by Dinesh Thakur Category: Java Methods

To create a class variable or method, include the word static in front of the method's name. The modifier static typically comes after any protection modifiers. Given below is an example that illustrates how a class variable may be created in a program.

Declaring variables and methods.



public class CircleClass


           public static float pi = 3.14f;

           public static float area(float r)


                  return pi * r * r;


           public static float perimeter(float r)


                 return 2 * pi * r;


         public static void main(String args[ ]) throws IOException


                float A1, P1;

                System.out.println("Enter the radius of the Circle:");

                BufferedReader br = new BufferedReader(new InputStreamReader(;

                int n = Integer.parselnt(br.readLine());

                A1 = area(n);

                System.out.println("Area of the Circle is:" +A1);

                P1 = perimeter(n);

                System.out.println("Perimeter of the Circle is:"+P1);



The output of Program is as shown below:

   Enter the radius of the Circle:


            Area of the Circle is: 78.5

            Perimeter of the Circle is: 31.400002

Both class variables and methods can be accessed using standard dot notation by placing either the. class name or an object to the left side of the dot; however, the convention that is followed is always to use the name of the class and not that of the object, to clarify that a class variable is being used and to help the reader to know instantly that the variable is global to all instances. This is as shown in the following example.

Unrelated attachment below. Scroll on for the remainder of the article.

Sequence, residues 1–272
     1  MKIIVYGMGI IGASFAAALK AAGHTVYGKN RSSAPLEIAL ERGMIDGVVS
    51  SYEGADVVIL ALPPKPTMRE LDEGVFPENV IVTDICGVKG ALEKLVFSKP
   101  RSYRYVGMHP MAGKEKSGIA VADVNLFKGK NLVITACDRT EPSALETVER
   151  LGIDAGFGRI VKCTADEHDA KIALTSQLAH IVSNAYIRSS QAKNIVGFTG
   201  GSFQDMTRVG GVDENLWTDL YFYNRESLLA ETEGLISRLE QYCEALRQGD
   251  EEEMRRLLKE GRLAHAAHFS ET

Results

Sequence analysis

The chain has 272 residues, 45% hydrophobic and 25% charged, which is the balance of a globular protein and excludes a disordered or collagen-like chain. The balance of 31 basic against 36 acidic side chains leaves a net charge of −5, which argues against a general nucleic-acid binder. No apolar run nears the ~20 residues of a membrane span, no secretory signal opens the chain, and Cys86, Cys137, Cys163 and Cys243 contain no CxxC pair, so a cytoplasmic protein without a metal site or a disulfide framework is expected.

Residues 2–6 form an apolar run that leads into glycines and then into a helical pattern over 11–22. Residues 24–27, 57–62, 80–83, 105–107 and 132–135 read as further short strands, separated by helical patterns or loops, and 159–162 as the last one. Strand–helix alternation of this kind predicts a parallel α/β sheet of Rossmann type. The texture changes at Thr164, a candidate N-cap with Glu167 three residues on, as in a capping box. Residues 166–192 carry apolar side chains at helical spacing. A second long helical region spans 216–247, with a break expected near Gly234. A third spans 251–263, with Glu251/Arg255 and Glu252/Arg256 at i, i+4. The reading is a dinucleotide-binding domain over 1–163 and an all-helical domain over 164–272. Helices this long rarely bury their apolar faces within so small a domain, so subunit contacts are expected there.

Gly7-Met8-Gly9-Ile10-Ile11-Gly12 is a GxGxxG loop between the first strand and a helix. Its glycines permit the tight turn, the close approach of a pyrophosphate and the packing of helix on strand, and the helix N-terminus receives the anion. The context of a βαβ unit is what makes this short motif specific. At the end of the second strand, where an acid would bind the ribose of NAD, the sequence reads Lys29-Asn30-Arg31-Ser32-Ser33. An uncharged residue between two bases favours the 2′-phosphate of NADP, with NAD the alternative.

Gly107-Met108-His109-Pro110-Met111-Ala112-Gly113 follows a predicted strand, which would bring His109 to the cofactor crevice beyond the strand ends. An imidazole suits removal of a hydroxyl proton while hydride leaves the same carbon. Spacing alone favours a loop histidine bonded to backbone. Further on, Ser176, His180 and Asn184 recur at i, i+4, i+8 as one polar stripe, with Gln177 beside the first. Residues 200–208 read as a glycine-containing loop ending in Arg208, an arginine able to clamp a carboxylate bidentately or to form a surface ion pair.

float circumference = 2 * Circle.pi * getRadius();

float randomNumer = Math.random();

An interesting example of using class variables, which brings out how their properties can be used effectively is now discussed. Program shows a class called StudentClass that uses class and instance variables to keep track of number of students in a particular course.

Effectively using class and instance variables.



public class StudentClass


        private static int numberOfStudents=O;

        private static void newStudent()




        StudentClass() // Defining Constructor




         protected static void showStudentCount()


              System.out.println("The number of Students is"+numberOfStudents);


        public static void main(String args[ ])




                int no_students =10, num=0;



                    new StudentClass();



                 System.out.println("AFTER ADDING MORE STUDENTS");

                 StudentCiass =new StudentClass();




         The output of Program is shown beiow:



         The number of Students is 0


         The number of Students is 11

In Program, the class StudentClass has class variable numberOfStudents which holds the number of students in a course. A class variable is initialized whenever its class is created. It is declared static because the count of the students is required to be retained across the creation of objects. It is also declared private so that it can only be accessed by the member methods and not by any method outside the class. Initially, the variable numberOfStudents is initialized to 0. Two methods are defined: method newStudent() increases the count of the number of students and method showStudentCount() prints the number of students.

In the main method, the count of the students is printed and then new instances of class Student are created (in the while loop). During creation of instances of class StudentClass, the constructor StudentClass() automatically increments the count of the students.

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Dinesh ThakurDinesh Thakur holds an B.C.A, MCSE, MCDBA, CCNA, CCNP, A+, SCJP certifications. Dinesh authors the hugely popular blog. Where he writes how-to guides around Computer fundamental , computer software, Computer programming, and web apps. For any type of query or something that you think is missing, please feel free to Contact us.